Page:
The table below aggregates my total distance, time, and elevation gain across my runs in each of the past two years. I ran almost twice as far in 2019 as in 2018, but with only a 79% increase in total time and 23% increase in total elevation gain.
|Total distance (km)||543.78||1084.70|
|Total time (hours)||52.14||93.56|
|Total elevation gain (km)||8.42||10.35|
I ran on 67 distinct days in 2018 and 143 distinct days in 2019. The chart below shows the distribution of these days within each year, with tiles shaded in proportion to the distance run on each day. The dark tile on the 10th Saturday of 2019 represents me completing my goal to run a half marathon. I didn’t run often during the winter of 2018 or at all while I was in the USA in October 2019.
My Strava activity data describe several “features” for each run, such as my mean pace and heart rate. Most of these features are estimates by sensors contained within my Garmin running watch.1 The chart below presents the distributions of several features for my runs during 2018 and 2019. In both years I ran mostly five or 10 kilometres at a time, with proportionally more short runs in 2019.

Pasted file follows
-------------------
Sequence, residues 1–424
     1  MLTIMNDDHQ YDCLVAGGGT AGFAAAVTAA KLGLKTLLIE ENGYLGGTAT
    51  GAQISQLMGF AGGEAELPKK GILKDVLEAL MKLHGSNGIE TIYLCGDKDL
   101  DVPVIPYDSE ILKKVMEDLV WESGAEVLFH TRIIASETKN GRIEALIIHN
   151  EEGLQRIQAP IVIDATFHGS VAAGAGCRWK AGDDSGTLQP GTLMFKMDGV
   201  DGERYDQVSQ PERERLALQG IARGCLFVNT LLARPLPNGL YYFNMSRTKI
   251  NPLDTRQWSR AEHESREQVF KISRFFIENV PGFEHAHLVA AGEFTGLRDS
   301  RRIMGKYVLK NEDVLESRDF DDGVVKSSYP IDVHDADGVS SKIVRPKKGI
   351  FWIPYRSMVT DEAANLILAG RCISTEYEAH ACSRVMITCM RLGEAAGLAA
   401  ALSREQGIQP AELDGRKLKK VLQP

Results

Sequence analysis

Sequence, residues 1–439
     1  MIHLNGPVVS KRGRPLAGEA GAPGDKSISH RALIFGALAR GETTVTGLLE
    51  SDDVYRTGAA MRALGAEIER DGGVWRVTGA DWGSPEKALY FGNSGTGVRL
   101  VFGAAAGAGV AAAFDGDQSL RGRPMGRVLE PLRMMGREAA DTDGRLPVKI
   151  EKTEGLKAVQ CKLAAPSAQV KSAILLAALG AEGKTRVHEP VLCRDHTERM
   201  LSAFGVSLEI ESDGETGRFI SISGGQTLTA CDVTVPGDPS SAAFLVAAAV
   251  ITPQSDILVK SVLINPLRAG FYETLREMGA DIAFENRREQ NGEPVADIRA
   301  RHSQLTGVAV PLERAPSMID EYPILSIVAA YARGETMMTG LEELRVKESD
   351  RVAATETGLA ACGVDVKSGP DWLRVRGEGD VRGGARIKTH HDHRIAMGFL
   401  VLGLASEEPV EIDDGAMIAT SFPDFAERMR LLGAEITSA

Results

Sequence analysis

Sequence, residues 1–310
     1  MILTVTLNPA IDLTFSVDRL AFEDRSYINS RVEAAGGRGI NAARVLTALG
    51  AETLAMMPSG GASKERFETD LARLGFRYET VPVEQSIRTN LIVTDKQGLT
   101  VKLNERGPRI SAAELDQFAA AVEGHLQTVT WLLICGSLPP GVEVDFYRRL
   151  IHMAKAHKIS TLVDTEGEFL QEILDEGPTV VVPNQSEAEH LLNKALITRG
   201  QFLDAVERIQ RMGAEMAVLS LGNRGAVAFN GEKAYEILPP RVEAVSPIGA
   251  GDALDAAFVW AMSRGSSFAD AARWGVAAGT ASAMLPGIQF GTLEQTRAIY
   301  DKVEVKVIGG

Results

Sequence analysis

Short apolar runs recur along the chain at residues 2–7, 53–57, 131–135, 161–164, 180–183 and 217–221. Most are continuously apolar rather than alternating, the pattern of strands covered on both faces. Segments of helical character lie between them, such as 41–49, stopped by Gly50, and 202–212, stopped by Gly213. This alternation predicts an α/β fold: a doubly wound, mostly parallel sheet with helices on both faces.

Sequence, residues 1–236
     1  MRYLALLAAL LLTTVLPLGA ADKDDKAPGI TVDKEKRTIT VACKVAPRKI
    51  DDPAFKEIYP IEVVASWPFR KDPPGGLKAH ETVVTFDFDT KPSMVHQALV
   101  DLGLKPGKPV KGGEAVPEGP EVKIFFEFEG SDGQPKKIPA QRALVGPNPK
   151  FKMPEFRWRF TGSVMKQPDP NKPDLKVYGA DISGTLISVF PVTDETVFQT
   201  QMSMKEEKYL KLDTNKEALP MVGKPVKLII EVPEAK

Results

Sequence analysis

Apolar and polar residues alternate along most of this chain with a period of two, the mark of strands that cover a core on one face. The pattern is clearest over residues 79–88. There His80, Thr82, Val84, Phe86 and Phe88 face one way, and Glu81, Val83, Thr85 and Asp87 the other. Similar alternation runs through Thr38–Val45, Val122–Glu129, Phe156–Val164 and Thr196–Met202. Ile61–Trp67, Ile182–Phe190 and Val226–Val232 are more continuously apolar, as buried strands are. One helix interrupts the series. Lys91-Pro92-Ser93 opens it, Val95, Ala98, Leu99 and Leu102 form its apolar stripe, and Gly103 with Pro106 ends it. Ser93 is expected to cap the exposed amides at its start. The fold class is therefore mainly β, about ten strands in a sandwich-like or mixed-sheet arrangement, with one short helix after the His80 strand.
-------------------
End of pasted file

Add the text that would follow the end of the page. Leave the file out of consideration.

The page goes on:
On average, I took faster steps, maintained lower heart rates, and ran at faster paces in 2019 than in 2018. These differences could be due to increased fitness or to running proportionally fewer hills. One way to separate these two effects is to compare annual feature distributions after removing the variation in features’ values that is explained by variation in elevation gain. I present this comparison in the chart below. The mean cadence and heart rate distributions look similar to before controlling for elevation gain, but the improvement in my mean paces is more pronounced.
I started using the watch in February 2018. Features for earlier runs are estimates by sensors contained within my iPhone. ↩︎